2003 Ann Schreiber Grant Recipient – Kuan-Chun Huang
Kuan-Chun Huang, Ph.D.
Brigham and Women’s Hospital
A Possible New Marker for Drug Resistance of Ovarian Cancer
For most ovarian cancer patients, a combination of surgery and postoperative chemotherapy is the standard of care. Chemotherapy consists of six cycles of Taxol and Carboplatin. In spite of a high response rate, many patients still develop and succumb to recurrent disease. Through a global genomic profiling study, Dr. Huang has identified that XIST (inactive X chromosome specific transcripts) gene expression level significantly correlates with Taxol sensitivity and disease-free periods of patients. From several lines of research, Dr. Huang hypothesizes that the RNA molecule that codes for XIST and the protein BRCA1, a breast and ovarian cancer tumor suppressor protein, interact and change the structure of the X chromosome to affect drug sensitivity of tumor cells. If so, the XIST RNA may be a prognostic marker of ovarian cancer, which Dr. Huang will study. She will also investigate in detail the interaction of the XIST RNA and BRCA1. Her findings should lead to a better understanding of drug response in ovarian cancer.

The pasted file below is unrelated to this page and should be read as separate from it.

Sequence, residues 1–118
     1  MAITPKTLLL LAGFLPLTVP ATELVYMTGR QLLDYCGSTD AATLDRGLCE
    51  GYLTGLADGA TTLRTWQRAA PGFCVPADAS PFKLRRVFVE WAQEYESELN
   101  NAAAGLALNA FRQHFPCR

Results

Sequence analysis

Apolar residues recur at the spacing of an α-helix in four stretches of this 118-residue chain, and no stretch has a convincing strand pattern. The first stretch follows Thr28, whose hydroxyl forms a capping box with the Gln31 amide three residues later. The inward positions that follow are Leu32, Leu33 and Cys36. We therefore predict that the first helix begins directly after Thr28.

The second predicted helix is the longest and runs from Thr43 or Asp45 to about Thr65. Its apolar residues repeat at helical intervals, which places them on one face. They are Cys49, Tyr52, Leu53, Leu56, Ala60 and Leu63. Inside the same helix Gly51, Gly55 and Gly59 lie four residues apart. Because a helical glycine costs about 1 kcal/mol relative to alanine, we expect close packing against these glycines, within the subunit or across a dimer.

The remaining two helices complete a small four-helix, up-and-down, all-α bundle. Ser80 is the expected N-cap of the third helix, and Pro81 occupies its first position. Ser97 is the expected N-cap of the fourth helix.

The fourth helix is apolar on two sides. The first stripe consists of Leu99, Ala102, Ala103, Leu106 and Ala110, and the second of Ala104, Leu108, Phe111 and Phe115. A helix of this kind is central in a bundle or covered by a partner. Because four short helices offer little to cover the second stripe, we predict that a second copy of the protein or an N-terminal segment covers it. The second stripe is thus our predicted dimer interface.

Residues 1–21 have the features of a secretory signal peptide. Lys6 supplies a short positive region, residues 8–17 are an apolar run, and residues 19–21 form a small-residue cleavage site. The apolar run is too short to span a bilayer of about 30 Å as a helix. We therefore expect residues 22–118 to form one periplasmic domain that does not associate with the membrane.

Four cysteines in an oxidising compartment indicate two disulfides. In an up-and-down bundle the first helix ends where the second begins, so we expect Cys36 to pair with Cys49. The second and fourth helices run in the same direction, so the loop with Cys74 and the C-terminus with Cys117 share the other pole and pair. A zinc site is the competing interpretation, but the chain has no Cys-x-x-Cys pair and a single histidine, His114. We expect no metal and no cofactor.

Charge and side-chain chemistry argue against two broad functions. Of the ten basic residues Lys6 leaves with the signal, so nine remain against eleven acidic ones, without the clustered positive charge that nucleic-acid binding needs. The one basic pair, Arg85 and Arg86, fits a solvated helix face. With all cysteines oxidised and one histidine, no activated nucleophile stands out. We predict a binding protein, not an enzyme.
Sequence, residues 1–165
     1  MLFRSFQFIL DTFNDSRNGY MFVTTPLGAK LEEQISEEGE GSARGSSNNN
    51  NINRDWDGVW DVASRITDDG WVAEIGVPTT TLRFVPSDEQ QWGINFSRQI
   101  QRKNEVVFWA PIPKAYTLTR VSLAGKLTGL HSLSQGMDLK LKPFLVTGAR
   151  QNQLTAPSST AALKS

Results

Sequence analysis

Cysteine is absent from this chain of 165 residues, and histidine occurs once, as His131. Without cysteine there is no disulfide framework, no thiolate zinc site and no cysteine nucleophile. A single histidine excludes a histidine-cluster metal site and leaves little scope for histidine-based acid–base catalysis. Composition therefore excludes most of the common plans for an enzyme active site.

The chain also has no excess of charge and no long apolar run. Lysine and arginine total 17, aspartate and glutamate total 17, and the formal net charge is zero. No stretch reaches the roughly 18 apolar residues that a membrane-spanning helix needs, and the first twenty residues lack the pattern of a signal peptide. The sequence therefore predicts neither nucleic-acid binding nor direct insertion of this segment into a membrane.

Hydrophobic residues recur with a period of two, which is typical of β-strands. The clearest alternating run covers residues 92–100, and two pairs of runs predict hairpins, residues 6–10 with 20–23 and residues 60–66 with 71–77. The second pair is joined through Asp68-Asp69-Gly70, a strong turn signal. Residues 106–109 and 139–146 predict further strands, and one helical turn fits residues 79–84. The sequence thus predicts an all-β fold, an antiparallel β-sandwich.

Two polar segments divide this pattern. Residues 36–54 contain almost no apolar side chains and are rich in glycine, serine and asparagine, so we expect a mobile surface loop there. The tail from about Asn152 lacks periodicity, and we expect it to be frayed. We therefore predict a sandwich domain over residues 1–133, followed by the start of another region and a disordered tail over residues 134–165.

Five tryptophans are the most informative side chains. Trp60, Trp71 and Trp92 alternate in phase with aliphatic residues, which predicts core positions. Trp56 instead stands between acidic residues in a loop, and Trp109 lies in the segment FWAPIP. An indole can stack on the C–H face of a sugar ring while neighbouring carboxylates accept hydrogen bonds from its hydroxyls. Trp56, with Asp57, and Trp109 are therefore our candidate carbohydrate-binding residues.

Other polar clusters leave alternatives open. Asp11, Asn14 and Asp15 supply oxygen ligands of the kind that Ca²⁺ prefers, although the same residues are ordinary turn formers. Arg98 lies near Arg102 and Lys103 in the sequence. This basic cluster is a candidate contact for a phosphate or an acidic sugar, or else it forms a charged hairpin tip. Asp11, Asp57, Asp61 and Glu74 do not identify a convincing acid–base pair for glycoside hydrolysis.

The five-year survival rate for ovarian cancer has increased by only 8% in the last 30 years.
We are at a critical crossroads for supporting research into unlocking the mysteries of ovarian cancer. You can make a difference by supporting the research of the Ovarian Cancer Research Fund.
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